There is also the fact that if it’s down for maintenance, which has happened in both the beta and now in the game’s release, you can’t play it. When this concern was raised in the beta, Frontier announced a fourth game mode called challenge mode.
This is basically the same as franchise mode, but offline, giving you this extra option if the franchise is down. I’m surprised that this wasn’t included in the game from the get-go, as it’s just like the version you can play on the old Zoo Tycoon games. It’s up to you to run your zoos with limited money, working around managing your finances while also keeping guest and animal happiness high.
I love the challenge of having a certain amount of funds and being careful in prioritizing what you need to spend it on. I’d recommend ensuring the animals are happy first, with the right terrain and enrichments in their habitat. Their happiness will reflect the guest happiness, as guests will notice if an animal is bored or neglected. Then, have the guest basics like toilets and beverages before you think about building extravagant picnic areas!
And now my absolute favourite game mode, which wasn’t available in the beta, sandbox mode! The world is your oyster as you have unlimited money, all animals and their enrichments unlocked, and every type of building option. At the moment, I’m working on going through every single species alphabetically to build the ultimate zoo!
I made the mistake of playing this after only doing one tutorial, so I wasn’t equipped with the skills of working alone. My water in the habitats became diseased and my aardvarks became unwell before I figured out I needed water treatment. I was hitting myself when I saw that you learn this in the other tutorial!
This is also where I learned a bit more about animal behaviour…in the form of one elephant killing the other because it was stressed, and my elephants smashing through their glass barriers. This adds another layer of things to manage, and though it may seem overwhelming, I like having this realistic aspect. I want to immerse myself in the role of a zookeeper, and Planet Zoo gives you just that.
The beauty of nature
Planet Zoo’s visuals can not be faulted; from the sunrise hitting the water and casting yellow light on your animals, to the patch of fur on a bear’s leg, everything looks fantastic. I’m not using a PC with the best graphics card, and I’m still very happy with how it looks. I mentioned in my beta impressions that I wish for the game to come to consoles, so more casual players without a good PC can play it. Well, with the announcement of Planet Coaster coming to console next year, I am hopeful that Planet Zoo will follow, possibly for next-gen!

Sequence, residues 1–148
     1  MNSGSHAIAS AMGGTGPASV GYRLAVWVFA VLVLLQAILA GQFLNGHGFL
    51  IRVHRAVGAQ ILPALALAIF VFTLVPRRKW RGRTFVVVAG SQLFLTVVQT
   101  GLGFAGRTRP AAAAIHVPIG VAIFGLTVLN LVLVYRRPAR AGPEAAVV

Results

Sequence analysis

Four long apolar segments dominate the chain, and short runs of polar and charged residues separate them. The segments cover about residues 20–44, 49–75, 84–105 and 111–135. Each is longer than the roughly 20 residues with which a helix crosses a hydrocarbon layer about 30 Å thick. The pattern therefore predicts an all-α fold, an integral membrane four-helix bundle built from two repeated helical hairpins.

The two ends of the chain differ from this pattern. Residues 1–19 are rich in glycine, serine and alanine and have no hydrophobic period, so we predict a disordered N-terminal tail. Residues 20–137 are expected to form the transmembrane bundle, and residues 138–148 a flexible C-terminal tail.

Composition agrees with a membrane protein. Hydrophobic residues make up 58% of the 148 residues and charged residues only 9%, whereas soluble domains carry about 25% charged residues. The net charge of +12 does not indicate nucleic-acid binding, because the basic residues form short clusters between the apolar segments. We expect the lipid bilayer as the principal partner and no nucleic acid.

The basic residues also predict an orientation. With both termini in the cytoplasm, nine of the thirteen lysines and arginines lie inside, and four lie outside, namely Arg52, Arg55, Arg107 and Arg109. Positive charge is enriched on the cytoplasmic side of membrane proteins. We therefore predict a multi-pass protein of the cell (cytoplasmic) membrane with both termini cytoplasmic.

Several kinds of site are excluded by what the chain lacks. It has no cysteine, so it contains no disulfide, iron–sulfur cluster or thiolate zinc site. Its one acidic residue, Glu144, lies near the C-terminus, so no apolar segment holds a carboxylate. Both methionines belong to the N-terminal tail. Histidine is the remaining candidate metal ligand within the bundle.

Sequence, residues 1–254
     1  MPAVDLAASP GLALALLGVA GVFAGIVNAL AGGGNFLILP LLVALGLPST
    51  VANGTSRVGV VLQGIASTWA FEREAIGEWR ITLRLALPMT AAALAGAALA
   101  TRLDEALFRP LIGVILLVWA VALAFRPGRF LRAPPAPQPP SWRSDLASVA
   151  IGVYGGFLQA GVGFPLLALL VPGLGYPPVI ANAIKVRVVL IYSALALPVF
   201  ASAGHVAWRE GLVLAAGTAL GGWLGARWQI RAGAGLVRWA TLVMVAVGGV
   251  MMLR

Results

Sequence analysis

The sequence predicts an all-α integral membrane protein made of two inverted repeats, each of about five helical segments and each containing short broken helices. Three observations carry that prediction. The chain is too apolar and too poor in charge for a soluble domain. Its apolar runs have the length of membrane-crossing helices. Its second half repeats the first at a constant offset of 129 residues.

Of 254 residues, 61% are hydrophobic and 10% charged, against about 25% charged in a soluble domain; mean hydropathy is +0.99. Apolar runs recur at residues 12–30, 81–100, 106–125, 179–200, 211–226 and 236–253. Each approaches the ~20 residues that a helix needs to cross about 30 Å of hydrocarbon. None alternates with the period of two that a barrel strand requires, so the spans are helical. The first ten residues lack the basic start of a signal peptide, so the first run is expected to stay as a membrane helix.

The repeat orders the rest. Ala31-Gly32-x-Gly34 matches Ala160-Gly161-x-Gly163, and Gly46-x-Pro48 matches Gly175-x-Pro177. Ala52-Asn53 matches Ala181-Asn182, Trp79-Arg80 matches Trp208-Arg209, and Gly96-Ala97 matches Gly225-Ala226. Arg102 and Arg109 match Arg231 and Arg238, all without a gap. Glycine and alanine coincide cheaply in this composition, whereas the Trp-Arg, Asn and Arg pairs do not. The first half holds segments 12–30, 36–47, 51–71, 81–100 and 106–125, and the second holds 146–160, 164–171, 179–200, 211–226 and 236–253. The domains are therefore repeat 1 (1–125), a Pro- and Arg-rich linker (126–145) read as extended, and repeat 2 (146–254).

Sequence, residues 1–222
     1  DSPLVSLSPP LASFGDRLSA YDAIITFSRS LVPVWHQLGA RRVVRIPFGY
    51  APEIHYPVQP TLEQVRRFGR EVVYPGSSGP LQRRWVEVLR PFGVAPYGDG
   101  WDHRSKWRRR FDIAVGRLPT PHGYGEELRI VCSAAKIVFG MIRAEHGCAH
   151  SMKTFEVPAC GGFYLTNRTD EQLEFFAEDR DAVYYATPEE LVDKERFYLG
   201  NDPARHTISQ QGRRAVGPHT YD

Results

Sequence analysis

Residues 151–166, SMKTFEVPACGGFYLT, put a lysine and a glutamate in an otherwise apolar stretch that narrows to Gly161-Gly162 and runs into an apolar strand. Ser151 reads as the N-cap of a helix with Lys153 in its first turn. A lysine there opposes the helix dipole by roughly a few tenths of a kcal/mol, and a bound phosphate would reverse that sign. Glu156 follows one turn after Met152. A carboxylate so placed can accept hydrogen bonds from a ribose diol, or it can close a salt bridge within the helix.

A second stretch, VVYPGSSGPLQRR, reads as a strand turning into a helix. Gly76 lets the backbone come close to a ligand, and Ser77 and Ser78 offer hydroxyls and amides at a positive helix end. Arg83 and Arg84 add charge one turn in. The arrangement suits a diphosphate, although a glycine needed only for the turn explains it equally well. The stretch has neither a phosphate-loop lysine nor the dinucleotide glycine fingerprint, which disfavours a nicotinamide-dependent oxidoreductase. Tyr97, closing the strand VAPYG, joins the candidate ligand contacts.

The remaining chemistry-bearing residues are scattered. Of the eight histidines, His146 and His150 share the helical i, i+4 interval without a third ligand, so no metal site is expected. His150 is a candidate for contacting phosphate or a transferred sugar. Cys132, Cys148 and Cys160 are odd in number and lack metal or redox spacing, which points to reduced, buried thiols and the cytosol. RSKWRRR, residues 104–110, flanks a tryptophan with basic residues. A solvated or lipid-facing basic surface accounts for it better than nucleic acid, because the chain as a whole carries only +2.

The animals have been animated amazingly, and it’s clear a lot of research has gone into replicating their behaviour. It’s incredible seeing the wolves fighting for alpha status, and the monkeys climbing up the wooden structures you build for them. It has come a long way since the pixellated lions galloping awkwardly across their habitat in Zoo Tycoon!
It’s great hearing the sounds of the animals as you survey the zoo, the wolves howling from one end and the elephants trumpeting from the other. Add an upbeat soundtrack with a variety of instruments and vocalizations, and you are fully immersed in your role as a zookeeper. With the deluxe version, you receive a copy of the original soundtrack, along with a wallpaper and three exclusive animals.
The ultimate zoo simulator
The possibilities are endless, and you can spend countless hours on the game which fly by like they’re nothing. There’s so much customisation that you can build some incredible habitats and zoos, as shown in the career mode. It may seem like continuously building zoos will get stale, but with four different game modes and regular challenges, it just isn’t the case. Not to mention, there are many Steam achievements for you to unlock.
Frontier has also been great at communicating with their audience, letting us know when updates are available and what they’re for, as well as when franchise mode is down for maintenance. They’ve really created something special here, and I couldn’t be happier with how Planet Zoo has turned out!